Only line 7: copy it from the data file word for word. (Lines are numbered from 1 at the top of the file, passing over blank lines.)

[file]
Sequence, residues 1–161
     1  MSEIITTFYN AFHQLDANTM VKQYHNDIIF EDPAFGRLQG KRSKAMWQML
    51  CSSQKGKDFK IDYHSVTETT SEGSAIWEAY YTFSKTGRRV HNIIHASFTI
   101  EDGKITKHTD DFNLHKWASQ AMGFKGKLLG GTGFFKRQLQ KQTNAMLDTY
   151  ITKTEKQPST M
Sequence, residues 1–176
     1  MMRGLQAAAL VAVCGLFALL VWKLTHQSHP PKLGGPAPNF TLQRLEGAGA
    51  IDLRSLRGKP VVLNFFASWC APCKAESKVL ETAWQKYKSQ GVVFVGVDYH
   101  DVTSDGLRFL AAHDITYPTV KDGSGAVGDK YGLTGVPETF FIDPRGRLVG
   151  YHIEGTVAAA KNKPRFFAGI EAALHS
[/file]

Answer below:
     1  MMRGLQAAAL VAVCGLFALL VWKLTHQSHP PKLGGPAPNF TLQRLEGAGA